Prepare for your birth journey today with our birth class

Episode 285

Nikki

In today’s episode I chat to Nikki about her life in East Arnhem Land, her unexpected third pregnancy and the steps she took to actively prepare for her birth. You can hear the story of Nikki’s first two births in episode #113 but she also briefly talks about her second birth in this episode and details the challenge of shoulder dystocia, retained placenta and a postpartum hemorrhage. Her experience definitely dictated her pregnancy care and birth plans but she was also fiercely proactive in getting informed, advocating for herself and rallying a supportive care team. Nikki is incredibly articulate and her story will give you the encouragement to prepare and plan, regardless of your fears.

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In 2011 Nikki’s husband James was diagnosed with testicular cancer and underwent treatment which was successful. Consequently, he was left with one percent fertility so they conceived their first two children – Tilly and Henry – through IVF. After a big move from Adelaide to remote East Arnhem Land, they thought their family was complete but baby Edie had other plans.

“Tilly is now six and her birth was pretty straightforward. I was on bed rest for part of it, she stopped putting on weight towards the end so I was induced at 40+1. It was an intense but manageable labour and her delivery was assisted by the vacuum.

“I was induced with Henry as well and it felt as natural as possible…it was long but a really good one, it had a nice progression. But when I tried to deliver him he got stuck. The vacuum failed and they had to use the forceps for his head and then again with his body and it turns out that he had shoulder dystocia; his shoulder was wedged into my pubic bone. He was born flat, his apgar scores were really low and he needed resus. Unfortunately the placenta didn’t come out so I ended up losing more than 2.5L of blood and I had to go to surgery to get it removed.”

Despite the immense difficulty of Nikki’s experience, she doesn’t view it as fear or grief-filled. “It was such a gift to go through something like that…I just feel so proud of going through it and coming out the other side and feeling empowered. It didn’t take anything away from the birth itself and while I don’t want to dismiss anyone else’s birth fear, I can’t deny that I still think of it as a good experience even though it was hard.”

In remote East Arnhem Land, Nikki and James are surrounded by a close-knit community that is always willing to help. They’re most definitely living the village life and it proves to be so beneficial to growing and raising a family.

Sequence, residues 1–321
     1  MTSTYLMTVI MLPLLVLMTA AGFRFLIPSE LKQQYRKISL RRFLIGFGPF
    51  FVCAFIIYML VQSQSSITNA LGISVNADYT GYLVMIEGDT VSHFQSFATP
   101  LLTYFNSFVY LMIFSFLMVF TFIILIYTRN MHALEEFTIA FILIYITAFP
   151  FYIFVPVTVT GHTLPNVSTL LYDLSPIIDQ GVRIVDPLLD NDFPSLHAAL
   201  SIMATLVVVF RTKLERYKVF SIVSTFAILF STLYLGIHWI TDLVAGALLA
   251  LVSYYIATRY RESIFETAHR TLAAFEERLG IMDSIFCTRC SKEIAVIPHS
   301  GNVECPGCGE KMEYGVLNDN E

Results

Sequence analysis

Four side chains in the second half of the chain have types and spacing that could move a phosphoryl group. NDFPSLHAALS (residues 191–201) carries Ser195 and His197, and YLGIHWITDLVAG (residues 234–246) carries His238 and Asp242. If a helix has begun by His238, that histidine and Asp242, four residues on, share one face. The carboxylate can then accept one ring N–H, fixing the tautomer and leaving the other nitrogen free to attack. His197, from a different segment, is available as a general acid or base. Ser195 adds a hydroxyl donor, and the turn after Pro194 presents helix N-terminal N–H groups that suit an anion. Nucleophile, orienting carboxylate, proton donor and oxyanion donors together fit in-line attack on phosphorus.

“We’ve got a wonderful support network up here, a real village of people ready and willing to help and I couldn’t have done pregnancy or the early newborn days without them. They really rallied. The mums and I have a messenger chat and we’ll chat all day; someone will duck in to pick up Tilly for school, everyone is two minutes away from each other so it makes it so easy to help out.”

Nikki discovered she was pregnant at the hospital when she presumed she had an infection in her arm. She navigated almost 20 weeks of nausea, vomiting and fatigue but despite it all, she set about advocating for herself really early on.

“The first thing I did was arrange continuity of care and that was a big turning point for me. My OB made the call that I was too high risk for the local hospital and I needed to give birth in Darwin.I felt good about it because I had a plan and this was at 25 weeks. I need to feel safe and making plans late in my third trimester wasn’t going to suit me. The next thing I did was get a student midwife, again for continuity of care…she was local to me but she was also going to be on placement in Darwin when I was due so she was wit me throughout my pregnancy and at my birth…she actually caught Edie! I linked in with a psychologist too…leading up to Edie’s birth I wanted to connect with someone just to make sure I was in a good headspace. I did it through a zoom session and she emphasised the importance of making time for myself and connecting with my baby. There is a high chance of having another shoulder dystocia birth and it’s not as if I have big babies but they did suggest the shape of my pelvis was a cause so I was really mindful of that.